Queer Words: Reflections on Facilitating Writing Workshops with Homeless LGBTQ Youth

Sassafras Lowrey | June 2019

Queer Words: Reflections on Facilitating Writing Workshops with Homeless LGBTQ Youth by Sassafras Lowrey

I started writing at seventeen when I became homeless. The first story I wrote and published was a story in a collaborative zine with other homeless youth at the Sexual Minority Youth Resource Center (SMYRC) in Portland, Oregon. I wrote about my love of macaroni and cheese, running away from home, and my mother’s abuse. It sounds random, but somehow it worked. Coming of age as an underground zinester/indie writer, I did not learn how to write from professors or in classrooms. I learned how to write from my peers, other queer punk kids who didn’t see our stories reflected anywhere in the books we had been fed or the books that we had found (even though 40% of all homeless youth in the United States identify as LGBTQ and the most recent numbers we have on the epidemic, from the Voices of Youth Count, show that LGBTQ youth are 120 times more likely to experience homelessness than straight/cis teens), so we wrote our own.

I became a writing facilitator in my early twenties in very much the same underground way that I began writing my own stories, self-taught and within community. I facilitated writing workshops with LGBTQ people experiencing homelessness, using the bits and pieces of how to facilitate that I had gleaned from other punk/zinester writers. I began facilitating groups regularly in connection with my first book, Kicked Out, an anthology of work by current and former homeless LGBTQ youth that was honored by the American Library Association and was a Lambda Literary Finalist. I facilitated workshops to create opportunities for homeless youth to write stories that could be published in the book; this practice became the core of the queer literary work that I do and have done over the years. My workshops have often been short/one-off touring workshops with queer youth in high schools, colleges, or shelters and drop-in centers from Detroit to San Francisco to Atlanta, but also more long-term programming with street homeless adults and youth in New York City and now Portland, Oregon.

My writing facilitation comes from a desire to create spaces and opportunities for marginalized writers to tell their stories. For me, this is particularly important when working with queer writers who have systematically been silenced in their lives and who feel absent or shut out from traditional literary spaces. The workshops I facilitate are not about teaching people how to write; rather, they are about building the confidence of queer people to tell our stories. These are writers who may have disrupted educational histories, and who have been told explicitly or more subtly that their stories don’t matter.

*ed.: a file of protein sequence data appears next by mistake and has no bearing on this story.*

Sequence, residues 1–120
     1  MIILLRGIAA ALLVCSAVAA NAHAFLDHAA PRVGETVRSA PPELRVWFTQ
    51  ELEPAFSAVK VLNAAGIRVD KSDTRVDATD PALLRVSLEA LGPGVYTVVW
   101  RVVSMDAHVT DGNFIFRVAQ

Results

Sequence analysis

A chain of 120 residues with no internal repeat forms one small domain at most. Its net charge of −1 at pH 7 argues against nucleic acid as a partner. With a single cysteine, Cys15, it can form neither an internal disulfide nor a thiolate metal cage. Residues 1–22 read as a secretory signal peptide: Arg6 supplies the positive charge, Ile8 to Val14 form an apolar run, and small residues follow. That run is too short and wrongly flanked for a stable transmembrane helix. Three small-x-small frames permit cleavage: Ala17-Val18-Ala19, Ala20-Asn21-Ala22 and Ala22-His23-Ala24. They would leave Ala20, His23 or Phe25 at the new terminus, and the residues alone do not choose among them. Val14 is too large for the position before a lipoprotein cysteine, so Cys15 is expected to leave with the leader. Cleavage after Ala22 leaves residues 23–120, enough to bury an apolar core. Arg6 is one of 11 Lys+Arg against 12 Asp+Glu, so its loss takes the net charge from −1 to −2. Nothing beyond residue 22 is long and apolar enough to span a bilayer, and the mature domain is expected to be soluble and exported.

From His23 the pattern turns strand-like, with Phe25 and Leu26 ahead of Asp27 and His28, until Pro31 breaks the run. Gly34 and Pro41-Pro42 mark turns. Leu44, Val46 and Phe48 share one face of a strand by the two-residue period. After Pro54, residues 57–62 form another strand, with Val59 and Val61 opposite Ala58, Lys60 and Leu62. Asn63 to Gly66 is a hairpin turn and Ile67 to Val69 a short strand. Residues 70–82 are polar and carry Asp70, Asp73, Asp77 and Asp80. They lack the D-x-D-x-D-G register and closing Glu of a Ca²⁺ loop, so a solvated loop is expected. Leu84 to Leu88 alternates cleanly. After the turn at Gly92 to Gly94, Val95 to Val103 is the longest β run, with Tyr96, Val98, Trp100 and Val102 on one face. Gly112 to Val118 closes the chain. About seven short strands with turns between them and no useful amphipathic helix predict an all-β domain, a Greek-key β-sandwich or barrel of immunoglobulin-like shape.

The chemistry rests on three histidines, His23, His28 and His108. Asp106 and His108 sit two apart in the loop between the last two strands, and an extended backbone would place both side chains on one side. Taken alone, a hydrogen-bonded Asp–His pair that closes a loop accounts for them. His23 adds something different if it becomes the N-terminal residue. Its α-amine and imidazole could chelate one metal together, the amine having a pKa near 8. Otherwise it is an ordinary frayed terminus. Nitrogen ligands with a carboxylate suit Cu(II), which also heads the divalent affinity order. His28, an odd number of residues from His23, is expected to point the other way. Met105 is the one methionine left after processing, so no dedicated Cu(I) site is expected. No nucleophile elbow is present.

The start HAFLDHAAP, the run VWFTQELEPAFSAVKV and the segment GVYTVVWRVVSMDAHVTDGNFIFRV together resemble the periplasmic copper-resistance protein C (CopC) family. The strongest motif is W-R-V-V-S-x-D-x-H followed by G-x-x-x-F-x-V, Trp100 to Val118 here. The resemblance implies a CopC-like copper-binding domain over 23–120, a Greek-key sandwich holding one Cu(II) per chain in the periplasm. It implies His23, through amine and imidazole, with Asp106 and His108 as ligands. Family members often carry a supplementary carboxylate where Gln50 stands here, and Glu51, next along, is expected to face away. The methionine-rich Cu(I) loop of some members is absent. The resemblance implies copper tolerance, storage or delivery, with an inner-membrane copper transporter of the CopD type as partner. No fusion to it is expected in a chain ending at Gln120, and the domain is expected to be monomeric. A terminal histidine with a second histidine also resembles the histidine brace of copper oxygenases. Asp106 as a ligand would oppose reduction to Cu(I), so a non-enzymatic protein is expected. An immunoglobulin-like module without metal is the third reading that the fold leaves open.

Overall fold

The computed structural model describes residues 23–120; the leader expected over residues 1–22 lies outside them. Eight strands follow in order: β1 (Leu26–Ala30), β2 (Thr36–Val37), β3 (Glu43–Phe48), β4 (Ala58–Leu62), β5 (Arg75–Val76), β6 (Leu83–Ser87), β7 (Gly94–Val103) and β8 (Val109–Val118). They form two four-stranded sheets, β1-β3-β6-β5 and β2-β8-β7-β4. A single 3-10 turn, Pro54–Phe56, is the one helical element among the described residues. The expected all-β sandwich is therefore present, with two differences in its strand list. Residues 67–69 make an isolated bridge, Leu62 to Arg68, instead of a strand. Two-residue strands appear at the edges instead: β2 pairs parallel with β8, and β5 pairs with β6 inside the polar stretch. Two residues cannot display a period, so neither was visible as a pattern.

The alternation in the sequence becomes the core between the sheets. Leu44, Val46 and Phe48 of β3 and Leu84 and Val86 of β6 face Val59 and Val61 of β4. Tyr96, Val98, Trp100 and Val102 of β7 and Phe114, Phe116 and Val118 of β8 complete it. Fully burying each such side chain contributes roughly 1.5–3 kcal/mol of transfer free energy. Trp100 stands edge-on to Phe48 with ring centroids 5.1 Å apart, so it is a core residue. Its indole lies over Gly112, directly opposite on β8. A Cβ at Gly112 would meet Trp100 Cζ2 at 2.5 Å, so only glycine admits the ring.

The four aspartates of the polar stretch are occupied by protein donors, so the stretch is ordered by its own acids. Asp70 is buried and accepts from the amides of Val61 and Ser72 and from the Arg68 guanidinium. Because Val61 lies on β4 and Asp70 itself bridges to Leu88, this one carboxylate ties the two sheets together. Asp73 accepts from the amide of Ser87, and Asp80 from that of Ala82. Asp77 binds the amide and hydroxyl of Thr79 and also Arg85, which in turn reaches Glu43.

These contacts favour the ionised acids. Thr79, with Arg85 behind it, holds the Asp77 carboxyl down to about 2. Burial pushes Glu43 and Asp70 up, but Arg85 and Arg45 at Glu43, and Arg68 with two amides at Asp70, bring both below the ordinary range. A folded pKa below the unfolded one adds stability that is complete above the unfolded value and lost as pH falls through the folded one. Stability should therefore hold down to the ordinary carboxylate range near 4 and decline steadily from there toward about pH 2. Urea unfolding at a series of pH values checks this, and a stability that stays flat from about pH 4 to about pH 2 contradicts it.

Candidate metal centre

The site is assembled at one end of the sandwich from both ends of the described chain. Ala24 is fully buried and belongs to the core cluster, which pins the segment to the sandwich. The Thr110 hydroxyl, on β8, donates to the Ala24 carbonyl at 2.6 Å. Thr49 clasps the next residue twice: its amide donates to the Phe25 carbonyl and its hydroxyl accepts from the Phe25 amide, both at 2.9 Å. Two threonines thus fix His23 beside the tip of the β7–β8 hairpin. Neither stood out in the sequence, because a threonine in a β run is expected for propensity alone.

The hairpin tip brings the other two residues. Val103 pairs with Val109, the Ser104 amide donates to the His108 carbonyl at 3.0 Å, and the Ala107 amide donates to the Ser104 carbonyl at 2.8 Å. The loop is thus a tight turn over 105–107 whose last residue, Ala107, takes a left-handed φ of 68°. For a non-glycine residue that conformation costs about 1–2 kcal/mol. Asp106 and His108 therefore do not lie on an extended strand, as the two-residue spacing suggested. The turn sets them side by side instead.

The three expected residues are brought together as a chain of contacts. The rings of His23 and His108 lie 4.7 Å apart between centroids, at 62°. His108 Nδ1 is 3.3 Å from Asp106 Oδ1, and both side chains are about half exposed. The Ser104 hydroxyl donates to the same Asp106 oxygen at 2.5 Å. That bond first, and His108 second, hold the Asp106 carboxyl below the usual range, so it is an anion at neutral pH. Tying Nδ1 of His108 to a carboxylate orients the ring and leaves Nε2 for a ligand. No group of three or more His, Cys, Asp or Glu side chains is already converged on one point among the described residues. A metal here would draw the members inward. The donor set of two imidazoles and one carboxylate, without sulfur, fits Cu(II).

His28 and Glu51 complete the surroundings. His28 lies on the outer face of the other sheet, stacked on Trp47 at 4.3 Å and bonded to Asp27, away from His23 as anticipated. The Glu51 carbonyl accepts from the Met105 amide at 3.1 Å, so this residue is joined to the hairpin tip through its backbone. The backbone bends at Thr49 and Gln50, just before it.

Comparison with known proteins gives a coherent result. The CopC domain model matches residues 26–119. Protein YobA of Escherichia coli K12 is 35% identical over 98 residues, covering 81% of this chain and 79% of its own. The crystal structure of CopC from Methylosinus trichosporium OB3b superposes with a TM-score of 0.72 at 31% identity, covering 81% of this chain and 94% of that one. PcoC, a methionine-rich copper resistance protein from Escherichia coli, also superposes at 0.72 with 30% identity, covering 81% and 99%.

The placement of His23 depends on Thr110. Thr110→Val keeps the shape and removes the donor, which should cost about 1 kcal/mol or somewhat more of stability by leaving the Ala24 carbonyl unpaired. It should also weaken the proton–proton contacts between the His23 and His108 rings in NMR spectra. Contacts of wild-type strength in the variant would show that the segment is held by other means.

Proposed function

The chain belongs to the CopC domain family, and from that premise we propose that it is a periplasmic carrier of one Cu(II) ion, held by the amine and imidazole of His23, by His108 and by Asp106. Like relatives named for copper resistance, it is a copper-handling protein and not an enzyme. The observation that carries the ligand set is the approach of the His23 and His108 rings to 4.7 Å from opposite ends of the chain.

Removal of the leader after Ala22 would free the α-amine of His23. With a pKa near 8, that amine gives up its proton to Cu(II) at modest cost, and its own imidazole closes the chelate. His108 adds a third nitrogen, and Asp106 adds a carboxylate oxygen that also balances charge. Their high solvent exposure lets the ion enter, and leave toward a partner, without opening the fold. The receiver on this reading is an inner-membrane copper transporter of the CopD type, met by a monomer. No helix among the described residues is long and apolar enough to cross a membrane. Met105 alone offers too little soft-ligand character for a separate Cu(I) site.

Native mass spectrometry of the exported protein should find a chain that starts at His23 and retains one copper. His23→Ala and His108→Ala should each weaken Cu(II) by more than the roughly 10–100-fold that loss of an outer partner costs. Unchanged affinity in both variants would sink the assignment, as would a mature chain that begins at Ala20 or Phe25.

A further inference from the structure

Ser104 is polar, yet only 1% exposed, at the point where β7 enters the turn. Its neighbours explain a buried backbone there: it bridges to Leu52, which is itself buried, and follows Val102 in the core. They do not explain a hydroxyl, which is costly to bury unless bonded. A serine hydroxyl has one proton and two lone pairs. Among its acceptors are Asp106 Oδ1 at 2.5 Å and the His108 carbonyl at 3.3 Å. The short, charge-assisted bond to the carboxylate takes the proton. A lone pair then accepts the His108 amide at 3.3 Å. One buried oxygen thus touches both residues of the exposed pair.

After ten years of professionally writing and facilitating, I ended up deciding that I needed an MFA, not to teach me to be a writer or writing facilitator—I knew how to do that—but to have the terminal degree that would mean I could be hired to teach college classes, not just be booked as a visiting guest artist by schools. As part of my second-year course requirements from Goddard College’s MFA (where I’m studying queer fiction), I needed to complete a teaching practicum. My partner and I had just moved back to Portland after nearly thirteen years in NYC. The opportunity presented itself to teach a ten-week writing course for the winter at SMYRC—the very same youth center I went to as a homeless teen, and where I developed my passion for writing.

I’m often asked what it’s like to facilitate writing workshops with homeless LGBTQ youth, and I like to say it’s a little bit like controlled chaos. As a facilitator, you have to always expect the unexpected and be ready and enthusiastic about adjusting and shifting a lesson plan in the moment to meet the mood/feel/needs of the writing group that day. On a concrete level, this means I almost always bring double the writing prompts/exercises that I think we will get through in a given session. I do this so that I can mix up the prompts depending on what the writers are bringing to the page that day. It gives me the in-the-moment freedom as a facilitator to make writing time shorter if writers are struggling with focus that day, or if the mood for the room needs to change.